>Hal Finney wrote:
>>
>> One problem with simplistic space
expansion models is that
>> space may be
>> infinite. In the simplest models
from general relativity, if
>> the density
>> of the universe is so small that it
will expand forever and
>> not contract,
>> that also implies that the universe,
although curved, does not "close"
>> and so goes on forever.
>>
>> You can still have an expanding
universe even if it is
>> spatially infinite.
>> It just means that distant objects
move apart, slowly at
>> first, and then
>> faster and faster.
>
>It's been a loooong time since I
exercised my astrophysical neurons, and
>this seems as good a time as any...
>
>Correct me if I'm wrong, doesn't the
rate of change of the Hubble
>constant indicate a limit (i.e., the
speed of light) at a distance of
>something like 15 billion light years?
If the universe were larger than
>that, anything beyond this point would
have to be receding faster than
>light, in apparent contradiction with
relativity.
>
>Also, I think the contraction and
closure you're referring to are two
>different things. A low-density
universe may forever continue to expand
>and yet have a finite area.
>
>>
>> Suppose space were not expanding. It
is three dimensional, obviously
>> (ignoring the "time dimension").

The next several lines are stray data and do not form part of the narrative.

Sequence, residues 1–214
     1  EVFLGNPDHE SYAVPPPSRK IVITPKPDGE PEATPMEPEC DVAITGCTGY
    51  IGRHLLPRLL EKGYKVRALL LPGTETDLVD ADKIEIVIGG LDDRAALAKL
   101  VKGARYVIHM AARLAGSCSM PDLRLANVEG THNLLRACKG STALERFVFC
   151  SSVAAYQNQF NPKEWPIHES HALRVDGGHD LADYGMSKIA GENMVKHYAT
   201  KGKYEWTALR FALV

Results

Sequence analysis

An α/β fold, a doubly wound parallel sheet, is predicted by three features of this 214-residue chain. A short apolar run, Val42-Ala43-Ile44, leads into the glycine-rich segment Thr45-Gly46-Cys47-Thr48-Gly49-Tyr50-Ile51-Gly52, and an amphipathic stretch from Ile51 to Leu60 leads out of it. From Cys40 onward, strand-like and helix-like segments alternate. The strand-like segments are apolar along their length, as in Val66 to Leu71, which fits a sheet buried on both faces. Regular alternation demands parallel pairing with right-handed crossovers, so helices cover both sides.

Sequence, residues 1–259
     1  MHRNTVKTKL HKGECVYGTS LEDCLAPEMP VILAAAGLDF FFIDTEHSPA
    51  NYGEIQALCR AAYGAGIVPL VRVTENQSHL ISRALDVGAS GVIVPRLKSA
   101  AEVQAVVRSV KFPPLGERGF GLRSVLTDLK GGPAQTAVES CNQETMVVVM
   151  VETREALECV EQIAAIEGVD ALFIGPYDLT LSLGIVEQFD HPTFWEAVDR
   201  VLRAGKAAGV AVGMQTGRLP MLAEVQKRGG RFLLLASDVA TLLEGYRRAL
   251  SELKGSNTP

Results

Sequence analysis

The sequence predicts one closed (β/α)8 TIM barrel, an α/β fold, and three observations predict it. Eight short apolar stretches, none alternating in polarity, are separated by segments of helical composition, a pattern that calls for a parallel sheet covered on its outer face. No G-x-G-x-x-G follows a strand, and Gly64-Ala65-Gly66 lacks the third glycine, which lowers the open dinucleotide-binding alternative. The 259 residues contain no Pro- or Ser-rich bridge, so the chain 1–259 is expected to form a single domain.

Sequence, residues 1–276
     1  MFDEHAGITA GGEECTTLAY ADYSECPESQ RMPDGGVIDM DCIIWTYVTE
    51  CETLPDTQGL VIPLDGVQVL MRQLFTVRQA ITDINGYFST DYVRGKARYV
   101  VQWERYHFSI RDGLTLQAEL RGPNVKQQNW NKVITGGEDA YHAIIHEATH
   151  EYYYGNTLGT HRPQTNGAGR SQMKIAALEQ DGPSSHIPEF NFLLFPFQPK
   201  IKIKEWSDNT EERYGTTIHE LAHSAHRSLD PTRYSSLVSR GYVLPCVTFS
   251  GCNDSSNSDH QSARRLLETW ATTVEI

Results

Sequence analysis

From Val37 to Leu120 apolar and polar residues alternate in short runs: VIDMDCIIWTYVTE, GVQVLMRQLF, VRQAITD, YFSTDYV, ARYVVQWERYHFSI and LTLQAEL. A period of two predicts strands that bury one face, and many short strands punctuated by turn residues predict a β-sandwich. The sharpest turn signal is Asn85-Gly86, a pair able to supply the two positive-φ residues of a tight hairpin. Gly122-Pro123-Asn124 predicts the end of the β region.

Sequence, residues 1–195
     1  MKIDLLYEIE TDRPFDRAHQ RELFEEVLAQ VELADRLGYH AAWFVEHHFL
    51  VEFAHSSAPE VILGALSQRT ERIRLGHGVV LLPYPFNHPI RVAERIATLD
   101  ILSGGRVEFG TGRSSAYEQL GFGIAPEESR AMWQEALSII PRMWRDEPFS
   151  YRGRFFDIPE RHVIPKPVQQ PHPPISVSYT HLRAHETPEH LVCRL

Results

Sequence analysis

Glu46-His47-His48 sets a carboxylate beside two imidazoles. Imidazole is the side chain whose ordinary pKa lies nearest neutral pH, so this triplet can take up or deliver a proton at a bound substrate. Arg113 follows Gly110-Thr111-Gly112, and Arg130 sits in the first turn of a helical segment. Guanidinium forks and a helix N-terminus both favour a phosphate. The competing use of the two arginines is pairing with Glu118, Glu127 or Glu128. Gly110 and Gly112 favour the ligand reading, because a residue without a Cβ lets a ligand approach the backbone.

Would you demand that there exist a
>> four dimensional space in which the
three dimensional one was
>> embedded,
>> in order to give it reality? And
would that four dimensional
>> space have
>> to be part of a larger five
dimensional space, which is itself part
of
>> a six dimensional one, and so on?
>>
>> All this is conceivable, but is it
really necessary? I don't
>> think we need
>> to assume there are higher
dimensional spaces in order to give ours
>> reality.
>>
>
>At the macroscopic level of reality,
four dimensions seem to provide the
>most useful model of spacetime. I
don't see why four dimensions
>necessarily implies five or six.
>
>> Even though our space is said to be
"curved", and expanding, those
>> properties do not require higher
dimensional spaces, either.
>> Curvature is
>> like a gradual internal warping of
space, so that large
>> enough triangles
>> don't have angles that add to exactly
180 degrees. It can be fully
>> described without reference to any
larger embedding space.
>>
>> Likewise the expansion of space can
be expressed soley in terms of the
>> relations between objects within our
universe. There is no need to
>> postulate a higher dimensional
universe which ours is part of.
>
>The "internal warping of space" you
describe seems isomorphic to a
>four-dimensional spacetime, although
the 4-D model provides (to me at
>least) an easier to understand picture
of things. Whether of not there
>really "is" a fourth dimension doesn't
seem particularly important
>unless we're doing time travel. 4-D
models would probably be the most
>useful if one were conducting
large-scale engineering projects where
an
>understanding of the spacetime topology
were important, however.
>
>Steven